Saturday, December 15, 2012

Without Ever Knowing Why

I was in the faculty room at the school where I’m subbing when I heard. Everyone was talking about it in hushed tones. Everyone except the kindergarten teacher, a new father, who was having a lively conversation about diapers with another teacher who’s a new grandmother.

As our buzz about the day’s tragedy got louder and more disturbing, so did the diaper discussion – almost as if in self defense. All around the table there were calls for gun control and better access to mental health support, calls for getting the police involved no matter what the age of the student, speculation about whether or not something like this could happen at this school and what we’d do if it did.

But the loudest of all was the rather vivid description of how to clean a soiled cloth diaper to perfection. Two teachers begged him to stop. And then we all stopped.


Which is what we all needed, really.

Obviously I can’t speak for each and every teacher everywhere, or even every teacher in the faculty room that day. We all have our own sensitivities and convictions and fears. We’re just people, after all.

We ended the day on the playground, where the 3rd grade teacher and I conducted a team Messy Science activity – the diet coke and mentos geyser. Pure joy. Boys and girls of various ages, race, class, and abilities sharing a moment of joyful Science! on a Friday afternoon. This is what we’re here for.

I wasn’t even thinking about it as we walked the students to the busses. I wasn’t thinking about it until I came home from work and saw the flood of humanity all over Facebook.

I can’t quite share the outrage or the fear or even the sadness. It’s all just too big right now. Too much to fathom.

All I can share with any sense of certainty is this old John Denver song, sung by the Muppets. It’s been in my head all day, ever since the faculty room fell silent. And all I can wish for anyone right now is peace.

“It’s in every one of us
To be wise.
Find your heart,
Open up both your eyes.
We can all know everything
Without ever knowing why.
It’s in every one of us
By and by.”

Sunday, December 9, 2012

Joy of Six

Oh my girl. You are six, and six is only the beginning. But there you go already, wild and free. You’re braver than I ever was, but you have my introspection, my imagination, my love of books, my weak-knee’d adoration of all things cute and puppy-dog-eyed. You have a brother who challenges you but also follows your lead; who takes the fear and mystery out of “Boys.”

We were walking home from school the other day when suddenly you broke away from your brother and I, ran across the playground with joyful abandon I’d never seen from you on this school playground before. Six months ago, you’d sit in my lap and cling and whine to go home while your brother and the big kids played.

But this time you ran right into the thick of it toward a boy you know from your kindergarten class, leaving us in the dust. You made some incomprehensible in-joke and the two of you laughed and laughed. A few days later I saw you at recess, from the other playground where I was working, and there was that brave girl again, tearing around the playground in her pink hood, laughing with her friends.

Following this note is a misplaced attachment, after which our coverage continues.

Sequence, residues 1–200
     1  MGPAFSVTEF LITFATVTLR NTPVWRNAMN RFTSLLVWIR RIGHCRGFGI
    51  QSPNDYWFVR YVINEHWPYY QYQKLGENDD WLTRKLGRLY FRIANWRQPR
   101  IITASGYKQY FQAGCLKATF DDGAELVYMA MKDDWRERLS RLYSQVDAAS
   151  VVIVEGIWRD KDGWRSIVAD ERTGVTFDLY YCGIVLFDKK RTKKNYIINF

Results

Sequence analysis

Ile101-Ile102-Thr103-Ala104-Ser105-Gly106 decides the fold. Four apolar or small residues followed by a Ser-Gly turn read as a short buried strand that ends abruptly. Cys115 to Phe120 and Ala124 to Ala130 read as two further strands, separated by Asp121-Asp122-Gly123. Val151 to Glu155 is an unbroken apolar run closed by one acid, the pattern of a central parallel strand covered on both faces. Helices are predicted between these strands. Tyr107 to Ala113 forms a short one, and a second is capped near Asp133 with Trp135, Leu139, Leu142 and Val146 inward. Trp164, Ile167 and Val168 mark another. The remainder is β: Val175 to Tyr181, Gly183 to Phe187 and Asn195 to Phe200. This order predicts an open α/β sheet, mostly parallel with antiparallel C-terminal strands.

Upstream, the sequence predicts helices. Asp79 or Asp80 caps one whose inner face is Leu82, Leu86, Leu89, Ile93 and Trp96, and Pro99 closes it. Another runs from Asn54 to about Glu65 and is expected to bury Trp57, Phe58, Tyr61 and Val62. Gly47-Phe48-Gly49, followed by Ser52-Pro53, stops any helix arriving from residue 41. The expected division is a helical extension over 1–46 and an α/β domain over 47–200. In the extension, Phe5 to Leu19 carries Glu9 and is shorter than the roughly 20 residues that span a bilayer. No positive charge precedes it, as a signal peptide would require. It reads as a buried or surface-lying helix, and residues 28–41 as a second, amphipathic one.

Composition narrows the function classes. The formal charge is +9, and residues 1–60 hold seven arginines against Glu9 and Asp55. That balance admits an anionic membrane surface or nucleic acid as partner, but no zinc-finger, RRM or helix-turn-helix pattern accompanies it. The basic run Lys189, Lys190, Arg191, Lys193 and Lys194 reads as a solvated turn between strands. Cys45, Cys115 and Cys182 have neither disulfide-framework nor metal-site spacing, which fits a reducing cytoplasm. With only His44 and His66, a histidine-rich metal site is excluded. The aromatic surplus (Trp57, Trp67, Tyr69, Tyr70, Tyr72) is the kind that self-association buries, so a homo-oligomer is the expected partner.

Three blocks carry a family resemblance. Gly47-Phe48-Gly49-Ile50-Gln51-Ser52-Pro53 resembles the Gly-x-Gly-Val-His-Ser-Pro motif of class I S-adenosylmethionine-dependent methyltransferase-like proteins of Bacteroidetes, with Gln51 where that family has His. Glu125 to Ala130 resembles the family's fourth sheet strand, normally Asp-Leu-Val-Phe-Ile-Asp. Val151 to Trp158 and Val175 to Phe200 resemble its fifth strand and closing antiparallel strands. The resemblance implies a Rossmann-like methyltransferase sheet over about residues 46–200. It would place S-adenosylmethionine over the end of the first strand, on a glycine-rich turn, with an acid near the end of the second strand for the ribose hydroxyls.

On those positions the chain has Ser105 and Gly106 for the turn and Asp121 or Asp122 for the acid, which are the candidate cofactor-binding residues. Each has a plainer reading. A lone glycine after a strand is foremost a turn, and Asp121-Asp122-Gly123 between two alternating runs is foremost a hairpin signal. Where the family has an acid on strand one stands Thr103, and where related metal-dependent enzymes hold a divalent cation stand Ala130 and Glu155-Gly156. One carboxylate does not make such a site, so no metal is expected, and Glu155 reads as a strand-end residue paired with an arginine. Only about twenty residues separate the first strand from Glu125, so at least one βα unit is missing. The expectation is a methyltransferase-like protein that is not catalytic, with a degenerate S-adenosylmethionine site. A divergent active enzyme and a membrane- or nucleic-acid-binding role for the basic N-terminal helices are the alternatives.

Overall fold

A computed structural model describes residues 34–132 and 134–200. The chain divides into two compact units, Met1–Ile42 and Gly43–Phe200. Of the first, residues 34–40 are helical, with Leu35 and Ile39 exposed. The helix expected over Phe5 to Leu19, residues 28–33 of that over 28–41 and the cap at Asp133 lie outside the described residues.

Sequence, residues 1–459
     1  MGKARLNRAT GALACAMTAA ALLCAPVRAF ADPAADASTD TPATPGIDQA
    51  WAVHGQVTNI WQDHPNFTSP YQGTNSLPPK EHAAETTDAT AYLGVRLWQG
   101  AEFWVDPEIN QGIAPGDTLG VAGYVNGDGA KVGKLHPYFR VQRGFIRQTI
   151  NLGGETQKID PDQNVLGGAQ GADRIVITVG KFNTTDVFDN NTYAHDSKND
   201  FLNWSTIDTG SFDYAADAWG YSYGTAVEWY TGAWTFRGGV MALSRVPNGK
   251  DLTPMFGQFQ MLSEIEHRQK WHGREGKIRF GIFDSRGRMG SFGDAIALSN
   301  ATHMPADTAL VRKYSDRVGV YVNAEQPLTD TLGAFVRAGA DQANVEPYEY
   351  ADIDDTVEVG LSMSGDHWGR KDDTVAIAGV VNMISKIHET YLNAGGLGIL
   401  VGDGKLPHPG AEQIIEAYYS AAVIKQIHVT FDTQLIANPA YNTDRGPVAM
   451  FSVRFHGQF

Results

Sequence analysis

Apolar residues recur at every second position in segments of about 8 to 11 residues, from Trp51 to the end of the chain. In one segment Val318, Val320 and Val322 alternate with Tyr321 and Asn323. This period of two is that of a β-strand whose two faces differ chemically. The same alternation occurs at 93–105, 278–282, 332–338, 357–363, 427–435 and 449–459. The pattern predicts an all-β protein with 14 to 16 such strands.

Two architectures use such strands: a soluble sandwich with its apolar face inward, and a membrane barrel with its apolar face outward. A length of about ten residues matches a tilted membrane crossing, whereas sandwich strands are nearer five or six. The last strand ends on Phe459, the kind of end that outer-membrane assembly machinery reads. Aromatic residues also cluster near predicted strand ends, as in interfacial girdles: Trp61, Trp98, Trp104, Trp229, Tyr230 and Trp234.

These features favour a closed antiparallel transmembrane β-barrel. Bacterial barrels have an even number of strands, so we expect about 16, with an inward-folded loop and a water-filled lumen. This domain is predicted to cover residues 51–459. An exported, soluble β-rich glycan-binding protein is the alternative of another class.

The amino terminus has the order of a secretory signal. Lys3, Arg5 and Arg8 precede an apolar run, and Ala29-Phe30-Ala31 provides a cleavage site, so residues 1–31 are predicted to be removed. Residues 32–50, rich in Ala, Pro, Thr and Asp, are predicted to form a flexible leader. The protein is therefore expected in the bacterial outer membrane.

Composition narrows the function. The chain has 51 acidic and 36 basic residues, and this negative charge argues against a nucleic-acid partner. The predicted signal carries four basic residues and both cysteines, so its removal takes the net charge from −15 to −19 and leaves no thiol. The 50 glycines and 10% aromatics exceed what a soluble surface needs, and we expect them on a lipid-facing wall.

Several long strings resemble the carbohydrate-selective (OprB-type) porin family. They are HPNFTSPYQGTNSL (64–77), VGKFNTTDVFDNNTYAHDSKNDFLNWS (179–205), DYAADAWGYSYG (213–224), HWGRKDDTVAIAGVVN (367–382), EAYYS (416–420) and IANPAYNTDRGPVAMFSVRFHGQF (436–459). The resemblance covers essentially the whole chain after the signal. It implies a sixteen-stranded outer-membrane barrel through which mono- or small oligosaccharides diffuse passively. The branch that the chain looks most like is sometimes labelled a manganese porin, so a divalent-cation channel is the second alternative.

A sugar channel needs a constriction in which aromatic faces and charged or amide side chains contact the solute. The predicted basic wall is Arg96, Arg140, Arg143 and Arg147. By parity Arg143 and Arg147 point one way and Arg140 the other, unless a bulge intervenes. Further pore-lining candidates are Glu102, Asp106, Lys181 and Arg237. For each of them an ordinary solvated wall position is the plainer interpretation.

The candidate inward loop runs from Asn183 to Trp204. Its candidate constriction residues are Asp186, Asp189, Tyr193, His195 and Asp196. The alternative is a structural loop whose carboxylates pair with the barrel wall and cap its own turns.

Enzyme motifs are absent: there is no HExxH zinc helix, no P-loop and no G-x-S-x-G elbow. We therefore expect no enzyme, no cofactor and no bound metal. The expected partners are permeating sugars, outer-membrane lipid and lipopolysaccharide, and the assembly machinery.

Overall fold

Whatever you are, whatever you are becoming, you are not me. Why all the relief, I wonder? Was it so bad to be me at six? I was very happy in my own way, mired in my own little world of wonder, imagination, and self-imposed seclusion. Your challenges will be completely different from mine. No less heartbreaking, of course.

But perhaps I’m just slightly relieved that I won’t be reliving verbatim my own specific awkward, painful childhood moments through you. There will be different ones, nowhere on my radar yet, I’m sure. But it will be your path. And I will be the mother; not the born-again girl forever reliving my own girlhood. I knew that already, of course. But it’s nice to remind myself again from time to time.

I’m so proud of you, my girl. I love your heart-melting innocence and your unabashed delight in raunchy humor. I love your spot-on Homer Simpson voice and your wide-eyed adoration of all things American Girl. I love your pinker-than-pink dresses and your messier-than-a-college freshman’s bedroom. I love finding pieces of your writing around the house, especially the draft of your “Fem Song” (which I can only assume is a “theme song”).

I love that you have fallen asleep to the same Cocteau Twins album every single night since you were tiny. I love that, no matter how many times we tell you, you call the Beach Boys the Beach Brothers. I love that your expletive of choice is “Aw peanuts.” I even love that you’re still awake right now, interrupting my typing to hug me and say softly “When I grow up, I want to be an author!”

I love how you are shades of each of us, and yet entirely nothing like any us. And I love how you completed our little nuclear family. Our darling exclamation point. Our cherry on top. Our little star of Bethlehem, joining us just in time for Christmas and giving us an extra holiday to celebrate during this merry and bright season.

Happy birthday, my girl. This is only the beginning.

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